Evergrande Unit Discovers $2.1 Billion of Its Cash Can Be Seized by Banks
(Bloomberg) -- China Evergrande Group’s property-services unit is investigating how 13.4 billion yuan ($2.1 billion) of its deposits were used as security for pledge guarantees and seized by banks.
The unusual development, which Evergrande Property Services Group Ltd. said it discovered while preparing its annual report, may heighten scrutiny of corporate governance at the real estate empire founded by billionaire Hui Ka Yan. While Evergrande’s main property business has been in financial distress for months, the services unit has long been considered among the stronger parts of Hui’s group. Evergrande and its Hong Kong-listed units also warned of delays in the release of audited financial results.
“It was found that deposits of approximately 13.4 billion yuan as security for third-party pledge guarantees had been enforced by the relevant banks,” Evergrande Property Services said in a statement to the Hong Kong stock exchange, without providing details on the pledge, the third party or the lenders. “The company will establish an independent investigation committee and arrange for experts to be appointed to investigate the pledge guarantees.”
The financial statements of Chinese property companies are coming under increased scrutiny as they prepare their first annual reports in the wake of credit-market turmoil that triggered a record wave of defaults.
“The announcement suggests Evergrande Property Services had offered a third-party guarantee to banks which had lent money to another borrower,” said Travis Lundy, a special situations analyst who publishes on Smartkarma.
The earnings delay may fuel volatility in Evergrande’s bonds, according to Bloomberg Intelligence analysts Daniel Fan and Adrian Sim. An 8.75% Evergrande note due in 2025 was little changed at about 12.2 cents on Tuesday afternoon, according to Bloomberg-compiled prices.
The 13.4 billion yuan in deposits enforced by banks is almost equivalent to the property-services unit’s entire cash holdings as of June 30, 2021, according to Bloomberg Intelligence. Such a reduction in cash would cut Evergrande’s consolidated cash balance, which totaled 86 billion yuan then, the analysts said.
Evergrande and its financial advisers will hold an investor call Tuesday at 9 p.m. Hong Kong time, according to two investors who received the invitation and asked not to be identified discussing private information. The firm didn’t immediately have a comment when reached by Bloomberg.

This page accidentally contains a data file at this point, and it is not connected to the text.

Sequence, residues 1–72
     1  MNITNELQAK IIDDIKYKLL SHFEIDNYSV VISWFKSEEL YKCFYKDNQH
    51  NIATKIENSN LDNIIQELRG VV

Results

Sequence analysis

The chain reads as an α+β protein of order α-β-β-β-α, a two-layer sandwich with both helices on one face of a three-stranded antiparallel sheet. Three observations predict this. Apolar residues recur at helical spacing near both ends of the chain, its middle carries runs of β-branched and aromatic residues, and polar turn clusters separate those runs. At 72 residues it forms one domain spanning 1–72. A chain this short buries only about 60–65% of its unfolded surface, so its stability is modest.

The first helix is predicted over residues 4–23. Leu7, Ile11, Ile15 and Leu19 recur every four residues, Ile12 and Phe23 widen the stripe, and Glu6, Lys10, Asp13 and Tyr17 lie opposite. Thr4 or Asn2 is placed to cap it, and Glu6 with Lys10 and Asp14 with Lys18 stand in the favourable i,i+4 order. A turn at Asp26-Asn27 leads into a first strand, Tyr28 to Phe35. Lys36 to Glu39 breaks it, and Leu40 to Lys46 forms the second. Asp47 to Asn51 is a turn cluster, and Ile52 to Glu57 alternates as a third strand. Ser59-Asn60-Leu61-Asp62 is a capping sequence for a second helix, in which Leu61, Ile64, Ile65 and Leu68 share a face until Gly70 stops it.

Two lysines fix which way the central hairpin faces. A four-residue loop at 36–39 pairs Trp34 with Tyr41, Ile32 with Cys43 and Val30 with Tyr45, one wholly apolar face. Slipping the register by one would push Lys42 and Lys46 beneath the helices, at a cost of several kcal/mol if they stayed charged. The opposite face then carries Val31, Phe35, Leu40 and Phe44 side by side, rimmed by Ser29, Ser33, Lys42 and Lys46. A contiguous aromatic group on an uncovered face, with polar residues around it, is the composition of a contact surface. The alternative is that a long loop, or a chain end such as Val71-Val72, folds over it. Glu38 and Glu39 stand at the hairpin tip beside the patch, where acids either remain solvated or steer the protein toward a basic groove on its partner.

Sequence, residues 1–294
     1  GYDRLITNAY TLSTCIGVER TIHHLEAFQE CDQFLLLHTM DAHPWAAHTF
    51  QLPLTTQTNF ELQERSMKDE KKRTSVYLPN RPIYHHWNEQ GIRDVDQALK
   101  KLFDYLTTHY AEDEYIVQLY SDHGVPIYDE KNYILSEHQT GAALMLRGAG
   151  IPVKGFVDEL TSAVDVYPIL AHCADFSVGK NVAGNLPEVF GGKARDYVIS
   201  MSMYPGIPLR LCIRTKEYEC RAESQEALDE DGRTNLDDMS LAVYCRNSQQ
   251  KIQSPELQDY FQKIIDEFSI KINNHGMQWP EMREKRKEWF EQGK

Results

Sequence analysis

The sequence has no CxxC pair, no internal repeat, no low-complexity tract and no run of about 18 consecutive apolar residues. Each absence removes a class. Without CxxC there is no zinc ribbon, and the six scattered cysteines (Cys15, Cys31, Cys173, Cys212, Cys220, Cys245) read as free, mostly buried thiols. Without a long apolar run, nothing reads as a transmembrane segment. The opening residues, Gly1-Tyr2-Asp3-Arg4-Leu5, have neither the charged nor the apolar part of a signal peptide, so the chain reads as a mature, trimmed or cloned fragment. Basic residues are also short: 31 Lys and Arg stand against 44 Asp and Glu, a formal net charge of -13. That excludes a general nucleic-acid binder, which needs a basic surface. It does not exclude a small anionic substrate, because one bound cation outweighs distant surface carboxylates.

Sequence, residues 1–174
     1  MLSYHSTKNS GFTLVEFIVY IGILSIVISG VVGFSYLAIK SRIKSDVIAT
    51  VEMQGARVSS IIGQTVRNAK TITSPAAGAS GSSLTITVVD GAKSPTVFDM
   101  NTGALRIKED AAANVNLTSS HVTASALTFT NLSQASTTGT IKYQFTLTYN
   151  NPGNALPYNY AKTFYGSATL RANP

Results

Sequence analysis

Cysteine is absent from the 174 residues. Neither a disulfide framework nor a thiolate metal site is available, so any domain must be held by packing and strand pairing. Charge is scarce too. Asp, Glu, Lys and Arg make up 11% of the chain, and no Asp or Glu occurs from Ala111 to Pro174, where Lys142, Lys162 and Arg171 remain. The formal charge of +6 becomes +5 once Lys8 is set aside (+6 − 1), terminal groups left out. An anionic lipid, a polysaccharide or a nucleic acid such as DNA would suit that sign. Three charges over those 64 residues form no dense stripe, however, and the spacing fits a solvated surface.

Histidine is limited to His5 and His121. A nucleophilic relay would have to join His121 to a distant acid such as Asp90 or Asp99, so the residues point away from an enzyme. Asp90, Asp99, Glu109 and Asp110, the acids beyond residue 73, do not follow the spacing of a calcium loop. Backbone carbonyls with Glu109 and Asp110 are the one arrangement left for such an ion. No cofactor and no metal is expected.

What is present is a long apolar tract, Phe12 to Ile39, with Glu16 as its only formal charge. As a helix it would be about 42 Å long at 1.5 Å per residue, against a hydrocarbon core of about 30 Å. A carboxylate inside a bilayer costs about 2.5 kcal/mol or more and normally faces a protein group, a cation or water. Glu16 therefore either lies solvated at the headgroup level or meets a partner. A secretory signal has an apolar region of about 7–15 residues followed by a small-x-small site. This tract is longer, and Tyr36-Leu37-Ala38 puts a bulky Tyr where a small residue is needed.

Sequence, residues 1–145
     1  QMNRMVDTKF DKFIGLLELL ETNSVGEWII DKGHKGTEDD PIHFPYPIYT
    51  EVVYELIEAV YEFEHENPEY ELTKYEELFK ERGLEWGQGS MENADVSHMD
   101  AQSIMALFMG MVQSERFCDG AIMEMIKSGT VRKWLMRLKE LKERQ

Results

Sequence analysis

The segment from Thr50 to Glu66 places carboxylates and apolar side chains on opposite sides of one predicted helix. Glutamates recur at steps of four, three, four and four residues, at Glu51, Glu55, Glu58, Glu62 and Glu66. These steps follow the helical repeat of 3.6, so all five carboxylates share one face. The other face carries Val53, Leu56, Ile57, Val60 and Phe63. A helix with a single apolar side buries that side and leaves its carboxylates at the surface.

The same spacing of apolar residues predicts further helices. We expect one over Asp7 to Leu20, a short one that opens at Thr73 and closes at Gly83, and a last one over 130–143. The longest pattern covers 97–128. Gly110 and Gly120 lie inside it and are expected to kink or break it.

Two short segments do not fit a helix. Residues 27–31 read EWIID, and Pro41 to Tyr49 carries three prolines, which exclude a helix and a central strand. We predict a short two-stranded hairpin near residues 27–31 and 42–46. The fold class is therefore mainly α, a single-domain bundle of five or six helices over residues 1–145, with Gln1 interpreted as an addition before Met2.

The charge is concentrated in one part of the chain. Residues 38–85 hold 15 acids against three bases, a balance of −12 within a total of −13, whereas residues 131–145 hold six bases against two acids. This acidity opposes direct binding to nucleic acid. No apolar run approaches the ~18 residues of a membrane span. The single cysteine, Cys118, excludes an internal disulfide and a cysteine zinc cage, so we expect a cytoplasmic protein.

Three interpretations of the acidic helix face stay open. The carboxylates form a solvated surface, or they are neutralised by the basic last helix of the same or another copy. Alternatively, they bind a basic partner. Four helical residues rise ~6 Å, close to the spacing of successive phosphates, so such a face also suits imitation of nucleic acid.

Bondholders are closely watching Evergrande, the world’s most indebted developer with more than $300 billion in liabilities, after it defaulted on dollar-bond payments in December. The firm’s debt restructuring is expected to be among China’s largest and most complex. The builder told creditors in January it aimed to issue a preliminary restructuring plan in the subsequent six months.
Evergrande tried to sell a 50.1% stake in its property services unit to Guangdong-based Hopson Development Holdings Ltd. for HK$20 billion ($2.5 billion) when its credit crunch intensified last year, only for the talks to be scrapped in October.
Long considered a cash cow for the group, Evergrande Property Services now has a market value of HK$24.9 billion, more than the parent company’s HK$21.8 billion.
The two companies along with Evergrande’s electric-vehicle unit expect to miss the March 31 deadline for reporting earnings because audit work hasn’t been completed. Evergrande cited “drastic changes” in the operating environment adding to audit procedures, along with disruptions from Covid-19.
Other beleaguered developers Sunac China Holdings Ltd. and Shimao Group Holdings Ltd. also flagged potential delays in releasing audited 2021 results. PricewaterhouseCoopers LLC is the auditor for the two companies and Evergrande.
Also, Evergrande announced plans to appoint King & Wood Mallesons as an additional legal adviser to handle debt risks. The firm’s risk management committee is “actively looking for solutions and communicating with its creditors,” it said.
©2022 Bloomberg L.P.
With assistance from Bloomberg